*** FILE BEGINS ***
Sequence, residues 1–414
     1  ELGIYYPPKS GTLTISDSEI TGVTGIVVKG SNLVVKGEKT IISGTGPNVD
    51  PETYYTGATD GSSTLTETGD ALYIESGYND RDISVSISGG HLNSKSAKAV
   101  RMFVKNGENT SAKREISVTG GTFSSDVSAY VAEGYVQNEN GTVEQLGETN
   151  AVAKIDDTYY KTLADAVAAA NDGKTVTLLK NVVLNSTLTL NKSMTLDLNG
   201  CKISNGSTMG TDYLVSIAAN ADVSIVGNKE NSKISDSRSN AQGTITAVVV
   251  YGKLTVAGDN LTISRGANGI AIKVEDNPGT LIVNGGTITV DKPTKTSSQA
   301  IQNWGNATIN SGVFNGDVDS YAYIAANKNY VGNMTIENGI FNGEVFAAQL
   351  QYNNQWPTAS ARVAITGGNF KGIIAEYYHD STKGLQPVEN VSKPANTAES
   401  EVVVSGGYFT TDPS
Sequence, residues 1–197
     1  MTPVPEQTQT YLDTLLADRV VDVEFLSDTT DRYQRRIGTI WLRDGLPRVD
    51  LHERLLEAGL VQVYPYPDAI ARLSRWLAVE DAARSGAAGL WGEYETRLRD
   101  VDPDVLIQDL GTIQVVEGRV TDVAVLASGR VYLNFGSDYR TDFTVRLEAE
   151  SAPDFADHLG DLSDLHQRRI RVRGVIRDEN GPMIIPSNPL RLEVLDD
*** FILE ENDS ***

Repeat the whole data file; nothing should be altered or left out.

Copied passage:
Sequence, residues 1–414
     1  ELGIYYPPKS GTLTISDSEI TGVTGIVVKG SNLVVKGEKT IISGTGPNVD
    51  PETYYTGATD GSSTLTETGD ALYIESGYND RDISVSISGG HLNSKSAKAV
   101  RMFVKNGENT SAKREISVTG GTFSSDVSAY VAEGYVQNEN GTVEQLGETN
   151  AVAKIDDTYY KTLADAVAAA NDGKTVTLLK NVVLNSTLTL NKSMTLDLNG
   201  CKISNGSTMG TDYLVSIAAN ADVSIVGNKE NSKISDSRSN AQGTITAVVV
   251  YGKLTVAGDN LTISRGANGI AIKVEDNPGT LIVNGGTITV DKPTKTSSQA
   301  IQNWGNATIN SGVFNGDVDS YAYIAANKNY VGNMTIENGI FNGEVFAAQL
   351  QYNNQWPTAS ARVAITGGNF KGIIAEYYHD STKGLQPVEN VSKPANTAES
   401  EVVVSGGYFT TDPS
Sequence, residues 1–197
     1  MTPVPEQTQT YLDTLLADRV VDVEFLSDTT DRYQRRIGTI WLRDGLPRVD
    51  LHERLLEAGL VQVYPYPDAI ARLSRWLAVE DAARSGAAGL WGEYETRLRD
   101  VDPDVLIQDL GTIQVVEGRV TDVAVLASGR VYLNFGSDYR TDFTVRLEAE
   151  SAPDFADHLG DLSDLHQRRI RVRGVIRDEN GPMIIPSNPL RLEVLDD